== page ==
A love story that touches four decades, 500 Miles To Go
is about the importance of, and the risks associated with, the pursuit of dreams. When our dreams cause angst to our loved ones, they often become nightmares.
Gail fell for Alex Król before she learned that he risked his life on dirt tracks during the summer months to the delight of fans who paid to see cars crash—the more spectacular the wreck the taller they stood on their toes and craned their necks to see the carnage. When Alex makes his dream to drive in the Indy 500 come true and he witnesses the deaths of two drivers in his first start, he must ask himself if his quest to win the world’s greatest race is worth not only the physical risk, but also losing the woman he loves.
“I looked at the phone, silent on the nightstand, and for the first time since she walked out of my life, I thought about calling Gail. Never had I longed so much to hear her voice. ‘Alex Król,’ she’d say into the phone, the way she used to when we were young. I imagined her telling me how glad she was that I’d called, that she’d listened to the race on the radio, had watched it later that night on tape delay, and had celebrated with me. She’d go on to say that she’d followed my entire career, was proud of all that I’d accomplished, maybe even adding that she’d been foolish to worry about my getting hurt. I’d tell her it was okay, that I understood. Then I’d ask her to join me for dinner when I got back to town, and she’d sigh in that way she had, and tell me that she’d love to…”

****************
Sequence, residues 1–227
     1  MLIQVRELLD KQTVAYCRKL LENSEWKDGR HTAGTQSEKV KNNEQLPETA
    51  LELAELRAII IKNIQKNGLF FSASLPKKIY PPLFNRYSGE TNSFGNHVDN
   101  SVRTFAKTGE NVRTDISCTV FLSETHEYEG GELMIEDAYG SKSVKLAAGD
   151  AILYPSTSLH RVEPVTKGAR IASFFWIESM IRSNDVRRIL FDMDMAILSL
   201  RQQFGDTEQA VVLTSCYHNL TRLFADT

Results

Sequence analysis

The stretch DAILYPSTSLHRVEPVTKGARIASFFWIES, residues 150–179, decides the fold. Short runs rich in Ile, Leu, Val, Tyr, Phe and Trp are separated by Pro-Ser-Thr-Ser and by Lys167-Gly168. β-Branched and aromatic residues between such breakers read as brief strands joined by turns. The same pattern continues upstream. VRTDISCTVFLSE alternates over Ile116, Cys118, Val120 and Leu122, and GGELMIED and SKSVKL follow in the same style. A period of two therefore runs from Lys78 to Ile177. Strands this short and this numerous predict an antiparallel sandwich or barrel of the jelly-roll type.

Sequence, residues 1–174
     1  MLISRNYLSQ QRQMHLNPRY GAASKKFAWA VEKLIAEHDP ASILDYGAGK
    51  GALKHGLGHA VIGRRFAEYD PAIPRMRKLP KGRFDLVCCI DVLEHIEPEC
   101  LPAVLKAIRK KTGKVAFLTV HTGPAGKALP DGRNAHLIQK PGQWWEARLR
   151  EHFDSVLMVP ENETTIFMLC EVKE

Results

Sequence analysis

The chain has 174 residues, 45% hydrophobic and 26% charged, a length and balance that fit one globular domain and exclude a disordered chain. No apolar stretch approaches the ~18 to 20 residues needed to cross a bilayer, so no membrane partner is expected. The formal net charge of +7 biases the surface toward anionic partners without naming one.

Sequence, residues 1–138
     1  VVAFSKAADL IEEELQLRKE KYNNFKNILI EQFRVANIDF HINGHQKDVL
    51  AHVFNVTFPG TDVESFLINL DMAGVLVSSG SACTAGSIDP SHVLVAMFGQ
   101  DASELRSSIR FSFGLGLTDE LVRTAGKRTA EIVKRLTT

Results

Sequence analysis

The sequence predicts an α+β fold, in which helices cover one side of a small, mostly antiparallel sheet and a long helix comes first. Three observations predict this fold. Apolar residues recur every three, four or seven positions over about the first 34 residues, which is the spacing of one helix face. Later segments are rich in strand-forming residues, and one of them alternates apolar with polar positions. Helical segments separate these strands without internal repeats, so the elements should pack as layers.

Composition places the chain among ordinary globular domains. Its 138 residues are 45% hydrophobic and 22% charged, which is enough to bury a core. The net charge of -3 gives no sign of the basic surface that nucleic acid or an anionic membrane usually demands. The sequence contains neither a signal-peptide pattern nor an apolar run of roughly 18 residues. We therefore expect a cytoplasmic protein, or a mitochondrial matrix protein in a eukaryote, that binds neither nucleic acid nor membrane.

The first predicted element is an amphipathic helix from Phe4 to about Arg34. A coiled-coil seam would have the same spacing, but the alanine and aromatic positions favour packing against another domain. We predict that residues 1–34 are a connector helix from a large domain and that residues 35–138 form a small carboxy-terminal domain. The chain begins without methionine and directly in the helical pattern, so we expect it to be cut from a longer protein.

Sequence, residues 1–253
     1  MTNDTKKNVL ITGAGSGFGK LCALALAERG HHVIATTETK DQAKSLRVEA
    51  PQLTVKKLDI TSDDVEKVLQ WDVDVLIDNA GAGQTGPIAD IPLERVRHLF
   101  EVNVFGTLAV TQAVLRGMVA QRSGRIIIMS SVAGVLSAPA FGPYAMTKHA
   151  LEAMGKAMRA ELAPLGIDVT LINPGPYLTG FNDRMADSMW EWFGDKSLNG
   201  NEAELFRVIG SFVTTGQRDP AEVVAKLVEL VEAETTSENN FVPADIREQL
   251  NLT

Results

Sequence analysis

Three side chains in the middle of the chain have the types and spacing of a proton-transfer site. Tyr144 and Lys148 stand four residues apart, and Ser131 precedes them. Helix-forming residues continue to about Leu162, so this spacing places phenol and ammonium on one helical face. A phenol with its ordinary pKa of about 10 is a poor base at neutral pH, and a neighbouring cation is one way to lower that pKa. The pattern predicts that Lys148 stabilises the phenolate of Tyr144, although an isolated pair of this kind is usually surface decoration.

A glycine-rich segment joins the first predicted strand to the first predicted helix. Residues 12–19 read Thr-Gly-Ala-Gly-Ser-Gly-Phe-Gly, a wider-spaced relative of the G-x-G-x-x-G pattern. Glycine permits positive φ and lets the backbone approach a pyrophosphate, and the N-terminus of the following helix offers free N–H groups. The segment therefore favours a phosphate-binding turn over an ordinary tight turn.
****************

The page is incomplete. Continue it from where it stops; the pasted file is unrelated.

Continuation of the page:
Alex paused, and Alicia waited patiently for him to continue:
“But so much in life never plays out the way we envision it. My marriage was proof of that.
“I re-imagined the phone call: Gail’s father would answer. He’d congratulate me on winning the 500 – assuming he was aware of it. He’d ask how I was doing, and I’d tell him, ‘Great, I’m doing great.’ Then I’d ask about Gail. He’d tell me that she’d met a young man a year or so after we’d broken up, married him, and that she was now mother to two healthy toddlers, a boy and a girl. Then it would be my turn to congratulate him, for becoming a granddaddy. Maybe, to save face, I’d nonchalantly ask him to say ‘hello’ to Gail for me, give her my best, hoping he wouldn’t, not wanting her to know that I’d asked about her. More than likely, I’d leave it at ‘Congratulations’ and simply say ‘Goodbye.’
“A sweet love story gives way to the love affair with speed... First loser becomes disillusioned winner, hindsight waxes philosophical, and a lonely man reminds us, ‘One doesn’t find love... Love is a choice.’” —Sheila Deeth, author of Divide by Zero
and Amazon Top 1,000 Reviewer